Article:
CHANDEL (AS) & SARAF (Veena). Studies in Information Seeking Behaviour and use: Need for Paradigm Change. 27,2;2002;152-74
Reviews the concept, characteristics, types and scope of information needs and information seeking behaviour along with some significant findings of the earlier studies. Considers that the findings of the past users' studies have not been able to achieve the objectives. Users' information seeking behaviour is not only unpredictable but also unascertainable mainly due to varied and changing needs conditions by innumerable factors. Makes the comparative study of some of the important models of information-seeking behaviour, which are not congruent and conclusive but at the same time none of them, is challengeable. These models hardly have general applicability in different environment. Considers that every study is a model in itself. Therefore, it is difficult to conceive a single model applicable in different environment. Realizes that methodological model can be more workable than the cognitive. Combining the two could still be better. Suggests that when cognitive approach is not ascertainable, a methodological model by conditioning user to fit into any of the model may be more effective which need orientation to the systems and user education program to seek information on a set/prescribed principles with which user are comfortable as well as familiar. Therefore, in today's context there is again a need for paradigm change from cognitive to methodological.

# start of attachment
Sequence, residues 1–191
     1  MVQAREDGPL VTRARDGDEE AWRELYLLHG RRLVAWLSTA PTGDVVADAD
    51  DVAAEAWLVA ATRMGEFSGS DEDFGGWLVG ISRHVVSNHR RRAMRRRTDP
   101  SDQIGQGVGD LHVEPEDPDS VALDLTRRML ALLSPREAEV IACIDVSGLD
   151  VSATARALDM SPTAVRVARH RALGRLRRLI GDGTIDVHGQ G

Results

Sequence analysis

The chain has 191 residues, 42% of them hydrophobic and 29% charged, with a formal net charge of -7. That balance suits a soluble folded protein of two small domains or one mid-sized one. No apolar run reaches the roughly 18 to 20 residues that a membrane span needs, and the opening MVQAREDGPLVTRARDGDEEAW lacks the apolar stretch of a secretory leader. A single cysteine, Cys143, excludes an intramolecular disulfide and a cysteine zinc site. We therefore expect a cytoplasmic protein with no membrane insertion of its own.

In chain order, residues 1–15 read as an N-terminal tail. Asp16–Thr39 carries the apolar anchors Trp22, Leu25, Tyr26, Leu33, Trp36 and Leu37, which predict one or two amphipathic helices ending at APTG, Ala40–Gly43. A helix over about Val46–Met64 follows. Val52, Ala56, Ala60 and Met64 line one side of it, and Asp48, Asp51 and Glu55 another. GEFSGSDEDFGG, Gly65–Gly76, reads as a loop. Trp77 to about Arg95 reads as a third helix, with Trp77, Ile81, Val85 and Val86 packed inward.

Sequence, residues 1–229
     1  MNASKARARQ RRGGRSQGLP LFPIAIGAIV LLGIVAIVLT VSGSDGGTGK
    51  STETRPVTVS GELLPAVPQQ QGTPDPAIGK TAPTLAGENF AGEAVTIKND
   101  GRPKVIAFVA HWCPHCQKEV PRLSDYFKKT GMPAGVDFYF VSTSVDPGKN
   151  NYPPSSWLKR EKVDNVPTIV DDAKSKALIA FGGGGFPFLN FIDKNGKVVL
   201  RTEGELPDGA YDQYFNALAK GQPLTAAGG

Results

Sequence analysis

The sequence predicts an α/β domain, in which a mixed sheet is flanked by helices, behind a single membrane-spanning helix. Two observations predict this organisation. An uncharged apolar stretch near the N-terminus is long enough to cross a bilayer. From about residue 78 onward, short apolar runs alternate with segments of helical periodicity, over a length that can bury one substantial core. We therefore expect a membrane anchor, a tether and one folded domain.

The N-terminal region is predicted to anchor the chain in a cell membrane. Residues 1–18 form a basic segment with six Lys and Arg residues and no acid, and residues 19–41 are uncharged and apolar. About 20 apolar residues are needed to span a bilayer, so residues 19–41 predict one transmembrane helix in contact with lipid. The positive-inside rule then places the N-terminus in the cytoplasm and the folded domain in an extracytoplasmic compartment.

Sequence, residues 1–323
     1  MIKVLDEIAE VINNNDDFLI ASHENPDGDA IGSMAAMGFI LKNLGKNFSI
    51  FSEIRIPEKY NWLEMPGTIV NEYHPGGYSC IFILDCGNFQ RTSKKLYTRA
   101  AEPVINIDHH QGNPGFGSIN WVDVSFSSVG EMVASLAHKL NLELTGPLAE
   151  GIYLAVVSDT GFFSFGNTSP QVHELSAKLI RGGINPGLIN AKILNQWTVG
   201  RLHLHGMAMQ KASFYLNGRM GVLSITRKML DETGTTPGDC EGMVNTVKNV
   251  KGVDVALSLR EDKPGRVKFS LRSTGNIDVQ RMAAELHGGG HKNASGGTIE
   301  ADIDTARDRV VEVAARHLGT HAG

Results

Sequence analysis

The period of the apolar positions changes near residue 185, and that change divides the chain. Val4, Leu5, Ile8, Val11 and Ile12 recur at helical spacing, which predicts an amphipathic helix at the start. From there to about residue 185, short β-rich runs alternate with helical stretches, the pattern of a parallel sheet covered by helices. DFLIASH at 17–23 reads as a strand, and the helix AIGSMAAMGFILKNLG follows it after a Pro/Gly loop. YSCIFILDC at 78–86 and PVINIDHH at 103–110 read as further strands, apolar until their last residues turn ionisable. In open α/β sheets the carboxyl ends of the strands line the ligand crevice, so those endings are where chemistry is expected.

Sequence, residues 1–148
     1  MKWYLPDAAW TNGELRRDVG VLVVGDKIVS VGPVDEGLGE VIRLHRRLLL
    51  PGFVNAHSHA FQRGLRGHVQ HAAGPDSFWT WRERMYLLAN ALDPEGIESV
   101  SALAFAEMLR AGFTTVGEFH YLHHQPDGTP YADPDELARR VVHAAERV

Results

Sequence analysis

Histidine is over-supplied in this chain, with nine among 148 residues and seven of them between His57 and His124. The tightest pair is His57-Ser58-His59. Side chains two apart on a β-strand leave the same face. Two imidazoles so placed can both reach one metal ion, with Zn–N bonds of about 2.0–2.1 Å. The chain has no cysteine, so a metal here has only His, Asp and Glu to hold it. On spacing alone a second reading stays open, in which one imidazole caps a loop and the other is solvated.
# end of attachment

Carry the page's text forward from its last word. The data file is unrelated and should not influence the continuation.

SARAF (Veena) & MEZBAH-UL-ISLAM (Muhhamad). Measuring Library Effectiveness: A Holistic Approach. 27,2;2002;81-105
Libraries are social organisations with a sense of direction. There seems a general consensus that libraries should attempt to be effective but there is lack of agreement on what the concept effectiveness means. Most of the authors take one approach or the other to define the library effectiveness. However some of the authors recently tried to synthesize all major approaches to generate a model of library effectiveness encompassing all its variables. Attempt is made here to review various approaches for measuring library effectiveness with a view to identify multiple construct of variables rather than a single variable which will measure library effectiveness. This is a part of ongoing study conducted by the two authors for measuring library effectiveness.